What Would Democratic Elections Look Like?

By Jeff Milchen 
November 15, 2002 (some items updated October, 2004)

Our federal election fiasco in 2000 exposed numerous critical flaws in our electoral process and spurred a new flurry of reform efforts, but despite all the attention generated, the actual changes have been little more than band-aids.

Why? One reason may be the approach taken by most reform proponents that essentially asks “what can we do to make this deeply flawed system less corrupt?” What might change if the approach was to first ask “what conditions are necessary for a truly representative democracy?” and then, “how do we get there?”

It’s a fundamental difference in approach. Hopefully, some of the examples here will provoke you to consider the path of electoral reform in the U.S. and to clarify your own thoughts on what actions we must take to achieve representative democracy.

We view as a fundamental requirement for democracy that each person’s political influence result directly from the quality of one’s ideas and the energy put into promoting them–independent of a person’s wealth to the greatest degree possible. Yet we’re clearly nowhere close to those conditions when it comes to state and federal elections.

The excessive power assigned to money, especially in federal elections, is glaring. Even in the 2002 Congressional races, where money was less dominant as the determinant of the victors than in 2000, 95% of all House seats and 75% of Senate seats were won by the higher-spending candidate. Incumbents won 97% of races in which they ran. (based on candidate financial reports filed through September 2002, when this article was written.)

And money is a conclusive determinant of who can compete. One-third of all those running for the House (157 candidates) — effectively ran unopposed. Thirty-five had no opponent at all, while another 122 faced challengers who spent less than $5,000. No wonder only 75 of the 435 House races were even marginally competitive (margin of victory less than 20 points).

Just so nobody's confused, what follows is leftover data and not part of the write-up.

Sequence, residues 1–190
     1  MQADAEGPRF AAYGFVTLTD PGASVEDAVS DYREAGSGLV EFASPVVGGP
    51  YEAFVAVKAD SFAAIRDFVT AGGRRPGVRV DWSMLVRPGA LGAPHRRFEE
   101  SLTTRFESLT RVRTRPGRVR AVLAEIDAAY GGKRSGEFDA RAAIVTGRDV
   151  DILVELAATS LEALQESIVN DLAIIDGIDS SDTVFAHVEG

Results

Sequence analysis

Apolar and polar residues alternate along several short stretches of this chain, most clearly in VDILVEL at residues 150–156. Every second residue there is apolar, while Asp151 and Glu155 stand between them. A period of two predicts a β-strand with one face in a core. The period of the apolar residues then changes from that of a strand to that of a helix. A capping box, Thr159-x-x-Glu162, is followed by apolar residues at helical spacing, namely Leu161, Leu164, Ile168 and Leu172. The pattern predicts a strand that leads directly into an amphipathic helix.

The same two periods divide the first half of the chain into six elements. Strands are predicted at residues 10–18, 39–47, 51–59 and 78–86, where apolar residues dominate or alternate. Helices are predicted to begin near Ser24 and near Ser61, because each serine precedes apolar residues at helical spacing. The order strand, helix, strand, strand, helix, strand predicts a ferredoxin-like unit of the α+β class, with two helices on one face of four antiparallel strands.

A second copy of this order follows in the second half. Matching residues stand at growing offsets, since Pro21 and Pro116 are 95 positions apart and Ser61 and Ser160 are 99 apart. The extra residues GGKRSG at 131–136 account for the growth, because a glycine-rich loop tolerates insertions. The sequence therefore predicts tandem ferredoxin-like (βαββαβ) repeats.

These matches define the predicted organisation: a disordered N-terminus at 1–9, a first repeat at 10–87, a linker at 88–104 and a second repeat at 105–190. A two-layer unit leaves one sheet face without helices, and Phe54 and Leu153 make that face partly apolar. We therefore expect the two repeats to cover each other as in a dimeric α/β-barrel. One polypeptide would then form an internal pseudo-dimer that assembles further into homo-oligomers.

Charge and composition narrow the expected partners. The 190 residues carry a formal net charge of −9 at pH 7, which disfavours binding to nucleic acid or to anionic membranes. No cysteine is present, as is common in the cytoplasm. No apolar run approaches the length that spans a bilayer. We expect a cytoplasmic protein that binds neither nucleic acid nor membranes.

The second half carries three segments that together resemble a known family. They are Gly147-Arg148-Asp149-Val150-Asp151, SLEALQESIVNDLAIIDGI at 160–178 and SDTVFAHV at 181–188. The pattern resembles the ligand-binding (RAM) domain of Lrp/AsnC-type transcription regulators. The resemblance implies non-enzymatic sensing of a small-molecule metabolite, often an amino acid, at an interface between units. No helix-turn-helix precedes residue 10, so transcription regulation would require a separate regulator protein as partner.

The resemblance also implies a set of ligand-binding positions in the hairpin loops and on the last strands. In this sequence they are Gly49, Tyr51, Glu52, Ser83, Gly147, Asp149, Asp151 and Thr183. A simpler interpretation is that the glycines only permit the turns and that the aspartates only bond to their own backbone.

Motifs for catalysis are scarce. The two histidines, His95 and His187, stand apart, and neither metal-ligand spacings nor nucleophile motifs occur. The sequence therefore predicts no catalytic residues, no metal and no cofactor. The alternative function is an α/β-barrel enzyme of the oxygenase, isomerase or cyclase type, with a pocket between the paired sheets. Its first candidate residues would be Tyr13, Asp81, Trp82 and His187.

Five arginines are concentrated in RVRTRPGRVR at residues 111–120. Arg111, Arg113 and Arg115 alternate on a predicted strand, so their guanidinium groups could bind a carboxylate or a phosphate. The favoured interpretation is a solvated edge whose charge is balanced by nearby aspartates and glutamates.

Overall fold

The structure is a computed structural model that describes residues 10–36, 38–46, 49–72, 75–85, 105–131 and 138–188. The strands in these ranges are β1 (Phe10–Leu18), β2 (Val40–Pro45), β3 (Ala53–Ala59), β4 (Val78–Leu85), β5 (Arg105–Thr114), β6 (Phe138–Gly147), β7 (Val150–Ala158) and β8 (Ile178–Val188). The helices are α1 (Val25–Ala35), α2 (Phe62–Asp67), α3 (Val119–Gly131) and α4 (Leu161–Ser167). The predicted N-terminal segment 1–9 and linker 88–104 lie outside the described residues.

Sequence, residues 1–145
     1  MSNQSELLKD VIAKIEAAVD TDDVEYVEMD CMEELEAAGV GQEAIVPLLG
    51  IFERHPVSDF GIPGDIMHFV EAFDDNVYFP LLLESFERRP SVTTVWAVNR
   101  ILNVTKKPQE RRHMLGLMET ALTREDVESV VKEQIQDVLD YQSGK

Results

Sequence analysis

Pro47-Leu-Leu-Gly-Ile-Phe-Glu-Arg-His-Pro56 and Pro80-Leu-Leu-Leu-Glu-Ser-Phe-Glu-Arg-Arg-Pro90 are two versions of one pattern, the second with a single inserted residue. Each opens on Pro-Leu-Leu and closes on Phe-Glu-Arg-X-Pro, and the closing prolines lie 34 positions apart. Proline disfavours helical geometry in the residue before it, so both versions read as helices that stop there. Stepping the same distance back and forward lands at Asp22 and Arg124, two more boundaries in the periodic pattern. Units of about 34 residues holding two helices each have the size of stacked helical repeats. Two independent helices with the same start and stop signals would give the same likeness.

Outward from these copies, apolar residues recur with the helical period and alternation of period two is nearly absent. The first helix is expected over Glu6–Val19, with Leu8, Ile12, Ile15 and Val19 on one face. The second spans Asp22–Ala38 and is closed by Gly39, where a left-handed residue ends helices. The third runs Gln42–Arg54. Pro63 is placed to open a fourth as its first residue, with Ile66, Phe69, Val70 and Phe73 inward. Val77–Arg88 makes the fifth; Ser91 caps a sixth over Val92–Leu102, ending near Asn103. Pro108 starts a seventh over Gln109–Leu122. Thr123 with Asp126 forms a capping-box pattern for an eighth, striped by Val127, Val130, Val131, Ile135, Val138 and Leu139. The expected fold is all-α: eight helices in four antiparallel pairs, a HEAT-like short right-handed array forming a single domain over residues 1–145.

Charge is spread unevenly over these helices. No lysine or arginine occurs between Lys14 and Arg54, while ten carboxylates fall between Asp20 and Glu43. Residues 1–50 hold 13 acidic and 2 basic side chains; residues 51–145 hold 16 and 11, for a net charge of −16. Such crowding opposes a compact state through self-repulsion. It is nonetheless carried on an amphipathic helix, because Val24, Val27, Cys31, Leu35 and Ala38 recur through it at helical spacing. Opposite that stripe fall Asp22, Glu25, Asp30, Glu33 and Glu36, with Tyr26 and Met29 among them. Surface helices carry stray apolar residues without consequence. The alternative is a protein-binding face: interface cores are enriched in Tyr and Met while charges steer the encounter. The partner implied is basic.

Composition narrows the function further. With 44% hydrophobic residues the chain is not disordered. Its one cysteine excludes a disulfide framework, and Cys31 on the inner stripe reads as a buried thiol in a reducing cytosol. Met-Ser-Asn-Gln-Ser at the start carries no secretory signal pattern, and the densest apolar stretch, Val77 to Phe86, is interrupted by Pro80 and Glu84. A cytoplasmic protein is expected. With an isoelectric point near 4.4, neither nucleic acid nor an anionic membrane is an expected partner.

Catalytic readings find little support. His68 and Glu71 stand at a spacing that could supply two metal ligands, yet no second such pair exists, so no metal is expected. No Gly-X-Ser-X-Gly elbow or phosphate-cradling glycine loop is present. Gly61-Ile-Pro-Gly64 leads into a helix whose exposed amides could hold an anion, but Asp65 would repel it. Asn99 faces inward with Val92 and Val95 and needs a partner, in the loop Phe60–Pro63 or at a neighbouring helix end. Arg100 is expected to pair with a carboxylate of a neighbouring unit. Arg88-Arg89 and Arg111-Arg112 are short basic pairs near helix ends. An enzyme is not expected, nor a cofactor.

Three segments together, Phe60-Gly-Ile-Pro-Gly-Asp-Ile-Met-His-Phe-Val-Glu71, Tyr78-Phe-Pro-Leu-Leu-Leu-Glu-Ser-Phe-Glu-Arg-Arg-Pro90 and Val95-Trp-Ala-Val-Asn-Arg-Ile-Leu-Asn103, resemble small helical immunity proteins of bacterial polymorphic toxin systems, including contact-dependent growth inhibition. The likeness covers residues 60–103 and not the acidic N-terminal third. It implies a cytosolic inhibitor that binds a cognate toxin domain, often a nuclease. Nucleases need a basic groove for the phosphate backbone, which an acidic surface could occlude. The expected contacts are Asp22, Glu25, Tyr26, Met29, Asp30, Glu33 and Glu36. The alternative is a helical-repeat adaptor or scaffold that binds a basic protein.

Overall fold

The depth of our problems in some specific realms such as campaign financing is explored in detail in other articles. Here, we aim briefly to explore an overview of some of our most vitally needed electoral reforms.

1. Abolish the “Money Equals Speech” Doctrine

2. Revoke the Precedent of Granting Bill of Rights Protections to Corporations
These destructive Supreme Court creations both lack Constitutional basis. The first precedent dates to the late 1800s when the Court applied the Fourteenth Amendment and “due process” guarantees–designed to protect the rights of freed slaves–to corporations, an entity mentioned nowhere in the Constitution.

The 1976 Buckley v. Valeo decision authorized some limits on political donations, but equated campaign spending with speech and legalize political donations at levels beyond the reach of all but the wealthiest Americans. Just one tenth of one percent of Americans gave a $1000 contribution in the 2000 election–one-quarter the present $4000 limit for investments in an individual candidate per election cycle (after the 2002 Bipartisan Campaign Finance Reform Act doubled the “hard money” contribution limits).

While we fully support public campaign financing, we must also confront those two root problems. While banning “soft money” may prevent direct corporate funding of parties, it doesn’t touch corporate interference in democracy via advertising, lobbying, and many other activities.

Consider the combined effect of these two premises: give an institution (the corporation) with an unlimited ability to amass wealth many key rights of citizens, then allow money to translate freely to political power. Now ask yourself if we can possibly realize the ideal of one person, one vote with these two perversions of our Constitution intact. These issues are at the heart of our diseased democracy.

See “When Money Is Speech, Speech Cannot Be Free” for more on #1. See our Corporate Personhood page for more on #2.

3. Establish a Constitutional Right to Vote